After each big tournament this season we’ll be reflecting on the latest action, so let’s take a look at a few things learned after the English Open.
It’s a bit of a cliche but cliches exist primarily because there’s a lot of truth to them.
Mark Selby proved to everyone after the English Open why he’s a proven champion and anyone who had doubts about his pedigree should feel a little foolish.
Even before Sunday’s final against David Gilbert there were many saying, here included, that Gilbert had as good a chance as his form in the last year probably easily surpassed that of Selby’s.
But the enormous difference between the pair? Gilbert has never won anything of note while Selby is an eight-time winner of Triple Crown events.
The manner in which he romped to a 9-1 success at the K2, only a day after coming from behind in trademark fashion to deny Mark Allen in a gruelling semi-final decider, was reminiscent of his peak.
Selby has now triumphed 16 times at ranking event level, on a par with Neil Robertson in sixth place on the all-time list.
Gilbert is by no means a loser, but his continuous inability to etch his name on silverware – the latest final defeat represents his fourth overall at the last hurdle – means that he can’t yet be truly considered among the higher echelons.
In Tune or the Wrong Signal?
Launched last week for the first time was the new Snooker Radio service, fronted by two good journalists with a fine appreciation for snooker in Hector Nunns and Michael McMullan.
It was an interesting idea, one in which many hardcore snooker fans seemed to enjoy from the comments and feedback on social media.
The pair took turns describing the happenings from table two while also mentioning the scores and such from the outside tables.
Nunns and McMullan were then joined on occasion by players for short interviews, which was undoubtedly the best part as we got an extra snippet of the in-tournament mindset of the competitors.
But can we call it a success? I’m not so sure.
Before it started and as a journalism graduate who majored in radio, I was looking forward to something a bit different.
In reality, though, the output was pretty boring and it didn’t help that, whenever I tuned in at least, Nunns and McMullan were never together.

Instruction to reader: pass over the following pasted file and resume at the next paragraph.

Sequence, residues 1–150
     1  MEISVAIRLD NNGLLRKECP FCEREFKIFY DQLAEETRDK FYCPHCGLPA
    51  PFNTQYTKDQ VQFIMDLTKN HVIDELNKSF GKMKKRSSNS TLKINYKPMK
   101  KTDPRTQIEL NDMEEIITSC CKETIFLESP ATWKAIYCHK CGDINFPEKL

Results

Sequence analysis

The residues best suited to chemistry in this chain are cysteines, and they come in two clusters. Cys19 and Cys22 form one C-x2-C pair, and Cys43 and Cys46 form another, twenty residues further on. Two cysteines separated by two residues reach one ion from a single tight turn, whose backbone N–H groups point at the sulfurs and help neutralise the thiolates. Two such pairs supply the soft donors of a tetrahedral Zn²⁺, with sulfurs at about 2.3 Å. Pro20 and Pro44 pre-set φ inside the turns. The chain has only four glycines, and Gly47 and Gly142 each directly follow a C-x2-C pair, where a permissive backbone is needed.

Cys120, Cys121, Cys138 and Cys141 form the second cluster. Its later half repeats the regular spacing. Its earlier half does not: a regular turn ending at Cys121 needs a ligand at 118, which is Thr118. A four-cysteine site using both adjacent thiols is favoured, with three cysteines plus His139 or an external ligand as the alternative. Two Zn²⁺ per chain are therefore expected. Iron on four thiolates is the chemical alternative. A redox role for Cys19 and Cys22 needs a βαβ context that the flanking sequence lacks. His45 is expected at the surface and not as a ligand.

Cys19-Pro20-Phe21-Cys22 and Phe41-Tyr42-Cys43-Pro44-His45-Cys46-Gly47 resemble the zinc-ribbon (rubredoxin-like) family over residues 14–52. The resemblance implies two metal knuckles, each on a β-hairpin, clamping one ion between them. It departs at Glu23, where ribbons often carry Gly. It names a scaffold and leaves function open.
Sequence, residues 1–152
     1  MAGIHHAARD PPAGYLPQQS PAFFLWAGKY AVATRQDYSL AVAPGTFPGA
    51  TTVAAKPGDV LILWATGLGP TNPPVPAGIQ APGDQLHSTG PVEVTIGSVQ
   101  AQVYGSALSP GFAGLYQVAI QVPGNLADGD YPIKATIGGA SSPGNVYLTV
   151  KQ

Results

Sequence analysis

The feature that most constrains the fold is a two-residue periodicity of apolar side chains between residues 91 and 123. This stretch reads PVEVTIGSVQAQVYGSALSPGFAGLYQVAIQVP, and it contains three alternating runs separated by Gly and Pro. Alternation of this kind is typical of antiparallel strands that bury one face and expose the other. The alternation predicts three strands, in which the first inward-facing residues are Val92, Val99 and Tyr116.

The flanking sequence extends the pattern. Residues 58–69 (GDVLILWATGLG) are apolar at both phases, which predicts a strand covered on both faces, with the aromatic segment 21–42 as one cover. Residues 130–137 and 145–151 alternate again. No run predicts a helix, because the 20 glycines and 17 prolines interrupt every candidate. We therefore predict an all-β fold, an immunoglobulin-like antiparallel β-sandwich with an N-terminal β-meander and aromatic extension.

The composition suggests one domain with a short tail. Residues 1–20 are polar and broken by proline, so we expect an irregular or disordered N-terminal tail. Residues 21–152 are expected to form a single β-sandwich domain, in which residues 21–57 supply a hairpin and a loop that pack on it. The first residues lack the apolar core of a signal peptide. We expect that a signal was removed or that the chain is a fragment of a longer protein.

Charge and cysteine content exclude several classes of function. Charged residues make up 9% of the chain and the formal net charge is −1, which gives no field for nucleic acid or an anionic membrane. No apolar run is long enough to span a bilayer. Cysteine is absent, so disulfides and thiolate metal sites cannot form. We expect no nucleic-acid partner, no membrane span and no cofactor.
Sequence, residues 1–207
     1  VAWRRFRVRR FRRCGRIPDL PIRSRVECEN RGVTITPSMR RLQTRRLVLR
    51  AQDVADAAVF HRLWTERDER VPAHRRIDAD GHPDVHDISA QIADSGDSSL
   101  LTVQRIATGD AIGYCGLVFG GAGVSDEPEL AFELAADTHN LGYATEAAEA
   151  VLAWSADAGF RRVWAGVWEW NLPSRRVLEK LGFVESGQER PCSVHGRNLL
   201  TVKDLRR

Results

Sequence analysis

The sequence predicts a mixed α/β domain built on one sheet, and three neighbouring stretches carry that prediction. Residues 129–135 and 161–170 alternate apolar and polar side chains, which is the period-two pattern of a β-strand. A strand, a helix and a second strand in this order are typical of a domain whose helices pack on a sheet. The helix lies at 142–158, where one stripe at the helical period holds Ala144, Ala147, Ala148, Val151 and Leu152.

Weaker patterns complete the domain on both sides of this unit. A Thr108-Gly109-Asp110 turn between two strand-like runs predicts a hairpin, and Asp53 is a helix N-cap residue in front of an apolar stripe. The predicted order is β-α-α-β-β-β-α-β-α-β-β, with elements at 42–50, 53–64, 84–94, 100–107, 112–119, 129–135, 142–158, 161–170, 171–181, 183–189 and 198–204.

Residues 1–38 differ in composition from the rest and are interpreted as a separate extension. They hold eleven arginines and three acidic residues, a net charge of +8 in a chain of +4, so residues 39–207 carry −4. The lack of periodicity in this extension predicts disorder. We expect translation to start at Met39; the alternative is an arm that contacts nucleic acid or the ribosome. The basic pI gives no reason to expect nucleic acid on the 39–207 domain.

One of the best parts of Judgement Day for the World Championship qualifiers is the banter shared between Rob Walker and Neal Foulds, not to mention the constant interaction they maintain with social media to keep people hooked.
While listening, I also was left wondering why, instead of Snooker Radio, a Snooker Streaming live video service couldn’t have been initiated to actually show the outside tables in a roaming capacity?
That being said, World Snooker should be applauded for a distinct increase in their efforts to provide additional online media lately.
As well as Snooker Radio, there was a daily round-up video on its social media channels, while a new snooker podcast called Table Talk was revealed last week too.
— World Snooker (@WorldSnooker) October 21, 2019
There are two million-pound bonuses on offer this season and it’s a stretch to imagine that either of them will need withdrawing from the World Snooker bank account.
Tom Ford’s second 147 of the season means that he could be in line to receive at least £100,000 at the end of the campaign.
The problem? He needs another 18 maximums to be compiled before the £1 million pound jackpot is activated.
Selby, meanwhile, is the last man standing after the English Open in the Home Nations series race.
Should the “Jester” proceed to capture the Northern Ireland, Scottish, and Welsh Open titles in the coming months, he’ll be set for a mammoth windfall.
Of course, it’s highly unlikely that either of these gimmicks will materialise so World Snooker’s profits are looking pretty safe.